How will low interest rates affect retirees?

by Ksenia Stepanova22 Nov 2019

Low interest rates mean retirees may need to seek out other savings options, though they also bring the significant advantage of being able to pay off a mortgage quicker, according to the latest Retirement Expenditure Guidelines released by the Westpac Massey Fin-Ed Centre.

The 2019 report showed that a two-person household in the city would need to have approximately $787,000 in the bank to fund a ‘choices’ lifestyle – a more fulfilling retirement life which includes some luxuries. A couple living in the regions would need to have saved around $493,000.

A ‘no frills’ lifestyle would cost around $261,000 for a couple living in the city, and only two-person provincial households came close to being funded by New Zealand Superannuation.

The report confirmed that most retirees do supplement their Superannuation payments with other savings or income, and said the current low-interest environment would be “challenging” for retirees. Report author Dr Claire Matthews of Massey Business School noted that “careful consideration” would be needed to ensure retirement savings generate an income capable of supporting a retiree’s intended lifestyle, and doing this without taking on a higher than appropriate level of risk.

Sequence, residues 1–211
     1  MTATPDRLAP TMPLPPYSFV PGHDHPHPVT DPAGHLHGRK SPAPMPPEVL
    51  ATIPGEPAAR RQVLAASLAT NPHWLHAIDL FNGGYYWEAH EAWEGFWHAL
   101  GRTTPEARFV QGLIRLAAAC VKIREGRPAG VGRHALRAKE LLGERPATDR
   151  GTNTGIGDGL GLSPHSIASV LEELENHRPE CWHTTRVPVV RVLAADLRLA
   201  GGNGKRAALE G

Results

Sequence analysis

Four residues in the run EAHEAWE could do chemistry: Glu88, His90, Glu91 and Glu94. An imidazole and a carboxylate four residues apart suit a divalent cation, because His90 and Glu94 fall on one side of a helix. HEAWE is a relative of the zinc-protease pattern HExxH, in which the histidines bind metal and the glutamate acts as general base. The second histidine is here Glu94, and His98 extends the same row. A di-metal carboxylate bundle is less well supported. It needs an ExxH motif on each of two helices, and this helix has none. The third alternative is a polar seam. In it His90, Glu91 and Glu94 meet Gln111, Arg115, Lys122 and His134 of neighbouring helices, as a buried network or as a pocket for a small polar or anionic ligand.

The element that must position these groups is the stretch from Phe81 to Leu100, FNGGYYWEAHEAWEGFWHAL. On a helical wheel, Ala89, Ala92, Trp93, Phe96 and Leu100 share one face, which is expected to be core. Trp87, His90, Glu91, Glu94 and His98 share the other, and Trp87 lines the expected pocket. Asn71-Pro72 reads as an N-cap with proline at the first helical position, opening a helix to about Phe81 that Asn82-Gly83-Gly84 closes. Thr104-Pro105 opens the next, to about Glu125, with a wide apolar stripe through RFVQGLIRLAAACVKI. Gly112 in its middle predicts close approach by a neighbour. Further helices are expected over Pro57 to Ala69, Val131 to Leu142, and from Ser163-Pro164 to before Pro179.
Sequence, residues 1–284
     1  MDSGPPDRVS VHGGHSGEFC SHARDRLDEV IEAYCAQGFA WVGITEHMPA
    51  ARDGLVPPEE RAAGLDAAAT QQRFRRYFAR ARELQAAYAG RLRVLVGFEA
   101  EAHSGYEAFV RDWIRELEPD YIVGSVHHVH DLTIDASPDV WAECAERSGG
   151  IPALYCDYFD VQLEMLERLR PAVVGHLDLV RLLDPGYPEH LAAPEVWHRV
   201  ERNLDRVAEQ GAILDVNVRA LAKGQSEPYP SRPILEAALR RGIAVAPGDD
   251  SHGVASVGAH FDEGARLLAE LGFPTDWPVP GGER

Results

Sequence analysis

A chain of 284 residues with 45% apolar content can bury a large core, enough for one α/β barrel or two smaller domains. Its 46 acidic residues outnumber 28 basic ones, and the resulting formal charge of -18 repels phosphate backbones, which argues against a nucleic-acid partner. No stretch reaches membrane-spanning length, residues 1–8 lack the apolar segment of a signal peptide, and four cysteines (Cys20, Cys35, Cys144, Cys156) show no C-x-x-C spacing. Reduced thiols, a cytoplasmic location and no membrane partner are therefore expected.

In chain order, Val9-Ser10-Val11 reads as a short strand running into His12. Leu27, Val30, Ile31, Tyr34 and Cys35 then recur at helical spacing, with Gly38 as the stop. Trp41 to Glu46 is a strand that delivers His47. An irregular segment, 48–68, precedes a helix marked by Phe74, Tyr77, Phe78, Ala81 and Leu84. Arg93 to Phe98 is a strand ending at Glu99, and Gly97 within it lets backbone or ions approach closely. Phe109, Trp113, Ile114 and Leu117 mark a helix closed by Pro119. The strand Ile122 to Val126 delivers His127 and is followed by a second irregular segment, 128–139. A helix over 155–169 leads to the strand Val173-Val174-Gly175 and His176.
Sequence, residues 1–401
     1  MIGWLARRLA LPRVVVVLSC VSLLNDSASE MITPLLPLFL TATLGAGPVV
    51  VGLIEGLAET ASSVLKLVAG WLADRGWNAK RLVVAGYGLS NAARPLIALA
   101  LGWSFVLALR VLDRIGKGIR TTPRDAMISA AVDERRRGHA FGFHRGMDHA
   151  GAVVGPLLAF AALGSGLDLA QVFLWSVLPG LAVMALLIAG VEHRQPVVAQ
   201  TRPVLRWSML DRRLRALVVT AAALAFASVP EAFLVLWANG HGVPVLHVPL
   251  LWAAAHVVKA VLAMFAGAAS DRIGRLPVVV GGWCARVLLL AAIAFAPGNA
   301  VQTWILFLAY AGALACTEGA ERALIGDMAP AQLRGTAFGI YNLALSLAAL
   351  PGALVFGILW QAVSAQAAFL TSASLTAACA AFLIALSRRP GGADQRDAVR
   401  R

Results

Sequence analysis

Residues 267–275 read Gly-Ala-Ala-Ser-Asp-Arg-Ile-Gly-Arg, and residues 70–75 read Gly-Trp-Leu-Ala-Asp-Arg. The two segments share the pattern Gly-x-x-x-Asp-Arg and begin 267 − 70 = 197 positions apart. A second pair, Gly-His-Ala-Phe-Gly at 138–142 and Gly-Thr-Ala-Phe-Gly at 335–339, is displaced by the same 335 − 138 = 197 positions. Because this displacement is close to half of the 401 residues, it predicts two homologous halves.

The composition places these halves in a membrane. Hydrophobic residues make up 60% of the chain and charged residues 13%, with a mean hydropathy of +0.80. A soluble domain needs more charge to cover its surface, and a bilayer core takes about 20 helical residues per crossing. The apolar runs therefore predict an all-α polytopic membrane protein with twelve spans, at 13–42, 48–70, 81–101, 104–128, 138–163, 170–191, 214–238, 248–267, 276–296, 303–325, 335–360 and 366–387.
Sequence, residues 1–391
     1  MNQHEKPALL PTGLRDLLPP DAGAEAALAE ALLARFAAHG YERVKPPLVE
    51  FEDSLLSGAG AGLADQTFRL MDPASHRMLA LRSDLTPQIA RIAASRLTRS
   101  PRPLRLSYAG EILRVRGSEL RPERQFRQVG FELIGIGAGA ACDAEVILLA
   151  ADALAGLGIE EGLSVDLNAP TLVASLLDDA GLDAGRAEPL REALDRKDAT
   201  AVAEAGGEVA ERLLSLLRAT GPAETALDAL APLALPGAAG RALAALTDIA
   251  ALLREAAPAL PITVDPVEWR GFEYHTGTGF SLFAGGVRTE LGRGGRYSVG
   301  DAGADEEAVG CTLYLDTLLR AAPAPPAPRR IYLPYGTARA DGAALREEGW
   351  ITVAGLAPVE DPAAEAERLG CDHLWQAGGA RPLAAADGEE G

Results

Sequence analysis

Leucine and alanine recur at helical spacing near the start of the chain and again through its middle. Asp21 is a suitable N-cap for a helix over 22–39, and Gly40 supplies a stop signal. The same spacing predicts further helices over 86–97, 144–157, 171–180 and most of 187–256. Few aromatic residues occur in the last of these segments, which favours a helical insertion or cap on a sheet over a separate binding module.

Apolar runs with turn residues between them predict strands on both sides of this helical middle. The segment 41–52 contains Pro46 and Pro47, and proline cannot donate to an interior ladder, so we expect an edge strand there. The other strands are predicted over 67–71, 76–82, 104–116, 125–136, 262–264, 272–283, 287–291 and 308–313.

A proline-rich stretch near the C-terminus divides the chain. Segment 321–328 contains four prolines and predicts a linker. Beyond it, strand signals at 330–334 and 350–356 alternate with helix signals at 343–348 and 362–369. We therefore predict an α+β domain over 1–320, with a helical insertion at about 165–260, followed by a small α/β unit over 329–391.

"While the lump sum required to fund the difference in spending over New Zealand Superannuation can seem daunting, it can be reduced by continuing to work either full or part-time, or by delaying retirement for a couple of years," Dr Matthews said.

"If you delayed your retirement for two years, continued working and saved all your NZ Superannuation payments, it would make a significant impact to your retirement nest egg.”

Westpac NZ general manager of consumer banking and wealth Simon Power says that although savers are currently facing lower returns, the ability to pay off a mortgage faster will give retires greater financial stability and peace of mind.

"It’s never too early or too late to start planning for retirement. Power said. “We encourage all New Zealanders to regularly consider their savings goals and think about how they’ll fund the retirement they want."

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